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'Ramapough' Tribe suing 'Out of the Furnace' filmmakers not Federally recognized

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The “Out of the Furnace” movie has made only $11,328,961 in U.S. theaters since its' release on Dec. 4, 2013. It has not opened at the Foreign box office. The production budget stands at $22 million. The film stars Christian Bale & Woody Harrelson. 17 members of the “Ramapough Lunaape Nation” have filed a $50 million lawsuit against screenwriters, Scott Cooper & Brad Inglesby plus 5 production companies. They include, “Relativity Media”, “Appian Way”, “Energy Entertainment”, “Scott Free Productions” & “Red Granite Pictures.”

The “Ramapough” members claim in the lawsuit that they were “defamed” & “humiliated” because they feel they were portrayed as quote, "Inbred mountain folk from Jersey." The movie which surrounds the main character of Russell Baze (Christian Bale) makes no reference to the word “inbred” connected to “Ramapough.” There is no mention either in the film of the “Ramapough Lunaape Nation.”

In “Furnace” Harlan DeGroat (Woody Harrelson) is the leader of an underground bare-knuckle fight club. His name is mentioned only three times in the film. Director Scott Cooper says in his interview with “” that Harlan comes from the “Ramapo” mountains in New Jersey. “Ramapo” is used only three times in the movie & once as “Rampo.” If we never looked at the written screenplay, we can only assume the pronunciation is “Ramapo” & there is no mention of the tribe or a specific tribal member.

Council Chief Dwaine Perry of the “Ramapough Lunaape Nation" told “” that the film, "It eats up and destroys one's self-esteem, particularly for the children. You can't really measure the destruction. It's a massive social humiliation. Not only is it a hate crime, it's an extremely violent crime." His anger is referring to a legend of Ramapo Mountain Indians called, “Jackson Whites.” Throughout history they've been talked about as people who inbreed descending from slaves, prostitutes & renegade Indians. “Jackson Whites” is never mentioned in the film. Never.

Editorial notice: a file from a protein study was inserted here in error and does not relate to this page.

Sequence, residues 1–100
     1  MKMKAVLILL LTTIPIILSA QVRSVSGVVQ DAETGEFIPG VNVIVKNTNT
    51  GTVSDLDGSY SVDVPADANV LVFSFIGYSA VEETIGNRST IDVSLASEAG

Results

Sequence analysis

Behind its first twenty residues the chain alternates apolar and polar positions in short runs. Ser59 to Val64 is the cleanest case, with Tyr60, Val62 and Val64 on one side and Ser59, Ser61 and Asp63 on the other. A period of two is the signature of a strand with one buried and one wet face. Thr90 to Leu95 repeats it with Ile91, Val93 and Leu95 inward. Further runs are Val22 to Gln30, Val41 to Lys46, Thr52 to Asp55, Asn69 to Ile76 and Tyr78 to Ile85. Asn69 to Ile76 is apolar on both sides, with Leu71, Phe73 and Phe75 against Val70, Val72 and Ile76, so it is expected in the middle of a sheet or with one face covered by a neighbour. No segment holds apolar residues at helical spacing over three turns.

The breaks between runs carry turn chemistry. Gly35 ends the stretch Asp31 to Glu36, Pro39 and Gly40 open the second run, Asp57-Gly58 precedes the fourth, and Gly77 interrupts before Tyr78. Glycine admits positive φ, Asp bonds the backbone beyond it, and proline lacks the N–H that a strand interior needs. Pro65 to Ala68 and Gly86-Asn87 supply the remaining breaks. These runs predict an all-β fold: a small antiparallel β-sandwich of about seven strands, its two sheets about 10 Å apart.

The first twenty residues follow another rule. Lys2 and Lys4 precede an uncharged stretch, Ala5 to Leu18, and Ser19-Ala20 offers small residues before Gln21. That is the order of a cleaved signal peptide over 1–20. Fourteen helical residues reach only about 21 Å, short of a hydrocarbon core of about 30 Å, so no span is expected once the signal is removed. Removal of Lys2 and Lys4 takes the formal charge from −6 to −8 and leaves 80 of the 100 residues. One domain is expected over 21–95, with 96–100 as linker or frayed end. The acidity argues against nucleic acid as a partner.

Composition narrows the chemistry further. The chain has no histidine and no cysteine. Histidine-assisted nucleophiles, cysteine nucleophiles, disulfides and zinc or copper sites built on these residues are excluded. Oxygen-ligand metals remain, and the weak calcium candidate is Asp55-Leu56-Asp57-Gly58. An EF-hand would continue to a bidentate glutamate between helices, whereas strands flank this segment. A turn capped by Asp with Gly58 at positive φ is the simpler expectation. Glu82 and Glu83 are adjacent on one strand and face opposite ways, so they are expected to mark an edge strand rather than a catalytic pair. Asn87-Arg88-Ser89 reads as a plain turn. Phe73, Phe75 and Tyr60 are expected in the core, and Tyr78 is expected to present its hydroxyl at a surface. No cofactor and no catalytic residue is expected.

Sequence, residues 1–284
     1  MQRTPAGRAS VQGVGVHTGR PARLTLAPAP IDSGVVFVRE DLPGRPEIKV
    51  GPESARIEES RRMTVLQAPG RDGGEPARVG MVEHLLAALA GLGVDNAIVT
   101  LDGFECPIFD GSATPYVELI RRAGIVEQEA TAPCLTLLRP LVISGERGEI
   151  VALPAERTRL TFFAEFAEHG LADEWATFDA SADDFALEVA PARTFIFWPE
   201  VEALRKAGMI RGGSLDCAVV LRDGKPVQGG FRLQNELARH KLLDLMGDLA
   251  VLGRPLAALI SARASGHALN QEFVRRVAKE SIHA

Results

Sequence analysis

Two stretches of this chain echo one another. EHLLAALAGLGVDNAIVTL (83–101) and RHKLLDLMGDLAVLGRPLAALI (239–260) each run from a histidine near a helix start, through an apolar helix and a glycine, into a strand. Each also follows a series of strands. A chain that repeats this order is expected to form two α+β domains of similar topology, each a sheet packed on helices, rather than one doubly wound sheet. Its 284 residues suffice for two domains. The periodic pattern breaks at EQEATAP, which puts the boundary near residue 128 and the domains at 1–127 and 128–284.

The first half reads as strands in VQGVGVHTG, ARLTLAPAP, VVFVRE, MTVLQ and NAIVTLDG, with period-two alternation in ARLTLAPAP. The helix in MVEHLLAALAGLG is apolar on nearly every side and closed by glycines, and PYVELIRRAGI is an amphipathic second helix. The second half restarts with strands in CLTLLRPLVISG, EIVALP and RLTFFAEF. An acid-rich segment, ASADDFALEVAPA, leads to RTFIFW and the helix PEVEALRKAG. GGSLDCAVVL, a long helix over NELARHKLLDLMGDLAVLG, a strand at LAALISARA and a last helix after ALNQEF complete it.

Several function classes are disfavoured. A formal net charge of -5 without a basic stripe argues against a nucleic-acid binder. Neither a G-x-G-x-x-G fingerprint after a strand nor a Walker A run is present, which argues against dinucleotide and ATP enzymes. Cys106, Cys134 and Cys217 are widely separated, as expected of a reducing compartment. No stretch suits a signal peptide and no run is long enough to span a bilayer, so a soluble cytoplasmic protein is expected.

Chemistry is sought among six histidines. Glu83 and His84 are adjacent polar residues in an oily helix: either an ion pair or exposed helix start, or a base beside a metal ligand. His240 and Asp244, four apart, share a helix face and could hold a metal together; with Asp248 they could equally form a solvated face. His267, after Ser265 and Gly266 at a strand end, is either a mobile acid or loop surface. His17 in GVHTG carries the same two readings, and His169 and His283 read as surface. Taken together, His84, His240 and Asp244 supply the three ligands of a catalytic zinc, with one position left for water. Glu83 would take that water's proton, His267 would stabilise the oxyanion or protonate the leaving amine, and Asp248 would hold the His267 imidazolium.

According to the 2013 public records of the “Bureau of Indian Affairs” (BIA). There are now 566 federally recognized Indian tribes in the U.S. The “Ramapough Mountain Indians” are not on that list. They do not have an Indian Reservation nor do they receive federal funding. The “Ramapough Lunaape Nation” is however recognized as a tribe by the states of New York & New Jersey.

The official “Ramapough” website is run by a 501c non-profit organization. They have formed their own tribal council & speak their own language. The “Ramapough” have tried to gain federal status as an American Indian Tribe since the 1970's. They have been turned down by the Department of the Interior & the BIA numerous times. There seems to be no proof of an existence of tribal people when the descendents branched off of unknown bloodlines that cross several states.

The “Ramapough Lunaape Nation” claims on their website that they rely more on oral history than on documented written books for who they really are. Historians & genealogists have been arguing over where exactly the “Ramapough” Indians originated. Some say they descend from Hessian deserters, escaped slaves & Tuscarora Indians who joined the Iroquois Confederacy. Others say they rein from African, Dutch & English ancestry from the last names of, “Van Dunk”, “DeGroat”, “De Freese”, “DeGroot” or “Emanuels” (Later Mann).



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